How MFTs Compare To Other Disciplines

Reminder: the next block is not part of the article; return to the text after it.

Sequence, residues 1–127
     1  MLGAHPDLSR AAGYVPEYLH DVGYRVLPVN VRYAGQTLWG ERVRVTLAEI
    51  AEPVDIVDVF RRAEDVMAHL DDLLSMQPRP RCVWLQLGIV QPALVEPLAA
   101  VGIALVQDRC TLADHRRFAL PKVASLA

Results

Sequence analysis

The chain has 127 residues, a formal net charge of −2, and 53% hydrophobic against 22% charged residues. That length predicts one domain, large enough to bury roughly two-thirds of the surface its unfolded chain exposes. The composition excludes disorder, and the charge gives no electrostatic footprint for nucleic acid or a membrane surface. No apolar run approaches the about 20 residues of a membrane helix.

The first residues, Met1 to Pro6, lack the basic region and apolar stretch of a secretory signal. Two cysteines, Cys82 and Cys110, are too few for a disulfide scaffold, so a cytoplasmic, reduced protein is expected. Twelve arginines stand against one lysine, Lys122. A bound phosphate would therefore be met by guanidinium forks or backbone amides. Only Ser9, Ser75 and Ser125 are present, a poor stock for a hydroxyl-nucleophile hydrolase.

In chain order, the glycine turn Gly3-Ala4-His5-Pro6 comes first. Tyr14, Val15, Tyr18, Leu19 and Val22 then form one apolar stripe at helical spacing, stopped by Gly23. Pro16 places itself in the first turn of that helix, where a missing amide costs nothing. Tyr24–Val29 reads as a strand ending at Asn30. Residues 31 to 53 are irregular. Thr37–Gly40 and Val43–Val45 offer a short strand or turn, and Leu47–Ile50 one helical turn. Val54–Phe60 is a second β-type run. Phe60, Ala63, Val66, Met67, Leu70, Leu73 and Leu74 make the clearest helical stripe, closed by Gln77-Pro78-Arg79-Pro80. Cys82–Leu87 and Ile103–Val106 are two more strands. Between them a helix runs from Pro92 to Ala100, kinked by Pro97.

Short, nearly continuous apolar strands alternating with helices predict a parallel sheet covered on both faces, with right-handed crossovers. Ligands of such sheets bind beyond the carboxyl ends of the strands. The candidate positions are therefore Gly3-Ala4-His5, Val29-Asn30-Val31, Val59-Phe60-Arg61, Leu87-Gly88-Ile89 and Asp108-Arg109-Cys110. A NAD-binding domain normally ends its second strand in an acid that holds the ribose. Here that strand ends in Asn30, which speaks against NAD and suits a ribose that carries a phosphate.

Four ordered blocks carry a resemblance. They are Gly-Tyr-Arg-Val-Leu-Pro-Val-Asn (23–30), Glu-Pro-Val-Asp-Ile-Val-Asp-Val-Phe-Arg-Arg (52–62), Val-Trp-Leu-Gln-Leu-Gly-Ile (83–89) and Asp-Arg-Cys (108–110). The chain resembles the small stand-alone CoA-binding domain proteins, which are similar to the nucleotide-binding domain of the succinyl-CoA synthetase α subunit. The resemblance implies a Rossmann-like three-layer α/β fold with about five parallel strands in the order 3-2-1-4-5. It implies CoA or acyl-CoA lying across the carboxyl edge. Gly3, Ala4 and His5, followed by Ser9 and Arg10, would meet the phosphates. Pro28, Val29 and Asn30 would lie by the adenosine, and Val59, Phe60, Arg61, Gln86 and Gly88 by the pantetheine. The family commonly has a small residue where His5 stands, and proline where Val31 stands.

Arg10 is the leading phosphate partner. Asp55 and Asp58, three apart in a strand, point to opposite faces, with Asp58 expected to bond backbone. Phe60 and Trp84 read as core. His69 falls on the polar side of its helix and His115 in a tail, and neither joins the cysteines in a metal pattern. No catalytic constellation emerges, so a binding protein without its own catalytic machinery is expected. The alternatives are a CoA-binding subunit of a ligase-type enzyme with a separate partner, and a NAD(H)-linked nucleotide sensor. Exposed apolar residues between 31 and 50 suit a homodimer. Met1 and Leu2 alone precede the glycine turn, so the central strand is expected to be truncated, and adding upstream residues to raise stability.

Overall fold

Marriage and family therapists (MFTs) comprise 11 percent of the clinically trained mental health personnel in the United States, according to a recent report from the U.S. Public Health Service's Center for Mental Health Services. Counseling and psychology are at comparable rates (14 percent and 16 percent, respectively). Social work and psychosocial rehabilitation comprise the highest rates of 22 percent each, while the lowest rates are shared among psychiatry (8 percent), school psychology (5 percent) and psychiatric nursing (2 percent). Chart I lists the number of clinically trained personnel for each discipline in the United States. The report, "An Update On Human Resources In Mental Health" in Mental Health United States, 1996(1), provides for the first time comparative data on the mental health professional disciplines. Included are data on changes in the supply of clinically trained mental health personnel, sex, age, race, geographic distribution, years since completion of highest professional degree, employment status, primary and secondary employment settings, type of work activity, and number of trainees. The report is an expansion and update of a 1990 report that provided data only for psychiatry, psychology, psychiatric nursing and social work. Just as with the four disciplines covered in the 1990 report, the eight disciplines in the 1996 report do not represent the entire professional workforce in mental health, but only those for which comparable data are available. Future reports plan to include other disciplines, such as pastoral counseling, sociology and master-level psychology. Demographics The distribution between genders varies greatly by discipline. MFTs and psychologists are the most balanced between the genders. 53 percent of MFTs are female and 47 percent are male. In psychology 44 percent are female, 56 percent male. Psychiatrists are primarily male (75 percent), while psychiatric nurses, social workers and counselors are primarily female (psychiatric nurses 95 percent, social workers 77 percent, and counselors 78 percent). Psychiatrists and counselors are at opposite ends of the age/experience spectrum. Psychiatrists are primarily older males, 60 percent of whom have been in practice for over 20 years. Counselors, on the other hand, are primarily younger females, 65 percent of whom have been in practice for less than 5 years. MFTs, psychiatric nurses, social workers and psychologists have comparable levels of experience. The majority of each discipline has been in practice for over 10 years. No discipline has the number of minority members comparable to their ratio in the total U.S. population. The ratios vary greatly between males and females for each discipline. African American females are most prevalent among social work (5.2 percent), followed by psychiatry (3.8 percent). African American males are most prevalent among psychosocial rehabilitation professionals (20.8 percent), followed by social work (4.2 percent). Female Asian/Pacific Islanders are most prevalent among psychiatry (13.4 percent), followed by social work (1.7 percent). Asian/Pacific Islander males are most prevalent among psychiatry (7.5 percent), followed by psychosocial rehabilitation (2.0 percent). Females of Hispanic descent are most prevalent among psychiatry (4.2 percent), followed by psychology, social work and school psychology (2.7 percent, 2.5 percent, and 2.0 percent, respectively). Males of Hispanic descent are found primarily among psychosocial rehabilitation professionals (6.4 percent) and psychiatry (4.4 percent). American Indian/Alaska Native females are most prevalent among marriage and family therapists (1.1 percent), followed by psychology (0.6 percent), social work (0.5 percent), and psychiatric nursing (0.5 percent). Male American Indian/Alaska Natives are most prevalent among psychiatric nursing (3.1 percent), followed by marriage and family therapy (0.9 percent) and school psychology (0.7 percent). Chart II summarizes the racial characteristics of MFTs. Work Settings And Activities The data on primary and secondary work settings from Mental Health United States, 1996 provide insight into the composition of the clinical workforce in the major mental health work settings. Included are data on employment in hospitals, clinics, private practice, and other settings such as nursing homes and schools. Chart III summarizes the data on clinics, hospitals, and private practice settings. Not included are data on school psychologists because their rates of employment in these settings are less than 1 percent. Data on work settings for psychosocial rehabilitation professionals were not available. According to Mental Health United States, 1996, social workers, marriage and family therapists, and counselors are the primary clinical staff of mental health and other health clinics. Approximately 50,000 clinically trained professionals are employed in clinics, either as their primary or secondary work setting. Approximately 40,000 clinically trained professionals are employed in mental health or other health hospitals, either as their primary or secondary work setting. The primary disciplines in hospitals are psychiatry, social work and psychology. Psychologists and marriage and family therapists predominate the approximately 140,000 clinically trained mental health personnel who work in private practice, either as their primary or secondary work setting. They are followed by social workers and counselors. Psychiatrists and psychiatric nurses represent the lowest percentage of clinically trained mental health personnel who work in private practice settings. Clinically trained mental health personnel can also be found in universities and schools (the primary work settings for school psychologists and the second highest work settings for psychologists and counselors), social service agencies (the second highest work setting for social workers), and nursing homes. The primary work activities reported in Mental Health United States, 1996 are: patient care/direct service, research, teaching, and administration. The vast majority of all disciplines are involved in direct patient care, ranging from 67 percent for school psychologists to 96.1 percent for psychosocial rehabilitation professionals. 88.4 percent of marriage and family therapists are involved in direct patient care. There is great variance among the disciplines, however, in the other work activities. The disciplines with the highest rates of personnel involved in research are: psychiatric nursing (25.1 percent), psychology (19.7 percent), psychiatry (17.4 percent) and marriage and family therapy (16.5 percent). Counseling, social work and school psychology have the lowest rates of personnel involved in research (0.1 percent, 1.3 percent, and 4.0 percent, respectively). Teaching is a very common activity among psychiatric nurses (58.9 percent), psychiatrists (49 percent), marriage and family therapists (46.7 percent), and psychologists (31.7 percent). Only 11.1 percent of social workers and 8.9 percent of counselors are involved in teaching activities. No school psychologists were reported to be in teaching activities, and no data were available for psychosocial rehabilitation professionals. The majority of marriage and family therapists, psychiatrists and psychiatric nurses are involved in administration activities (56 percent, 52.5 percent, and 51.9 percent, respectively). Social workers and psychologists also have high rates of involvement in administration activities (34.9 percent and 27.4 percent, respectively). Conversely, psychosocial rehabilitation professionals, counselors, and school psychologists have low rates of involvement in administration activities (10.1 percent, 6.8 percent, and 5 percent, respectively). Geographic Distribution The distribution of marriage and family therapists varies considerably across the states. The rates range from under three per 100,000 resident population in West Virginia, Delaware, Ohio, North Dakota, Louisiana and Arkansas to more than 20 per 100,000 in Oklahoma, Indiana, Texas and Nevada, to over 73 per 100,000 population in California. Generally, more states in the West and the Northeast have rates over 10 marriage and family therapists per 100,000 population, than do states in the South and Central United States. The national average is 17.6 marriage and family therapists per 100,000 population. Chart IV lists the rates for the other disciplines. The other disciplines also experience a wide variance in distribution across the states, but not to the extent of marriage and family therapists. The highest single state concentration of the other disciplines is 15 percent, while for marriage and family therapists 49 percent reside in California. This concentration in California (there known as Marriage, Family and Child Counselors (MFCC)) can be attributed to at least two factors. In 1963 California was the first state to license marriage and family therapists, and an extensive infrastructure of 77 schools and universities with MFCC programs has developed in the state. Training Most people being trained in the mental health disciplines are being trained in social work or counseling with 30,000 plus trainees each. Training in psychology follows with more than 18,000 trainees, with MFTs and psychiatry having 6,000-7,000 trainees each. Psychiatric nursing has only 2000 trainees. Chart V lists the current trainees for each discipline. In 1995 an estimated 6,776 individuals were in training to be marriage and family therapists. This includes 4,646 students in pre-degree academic programs, and 2,130 graduates who are still completing their required supervised face-to-face contact with individuals, couples and families.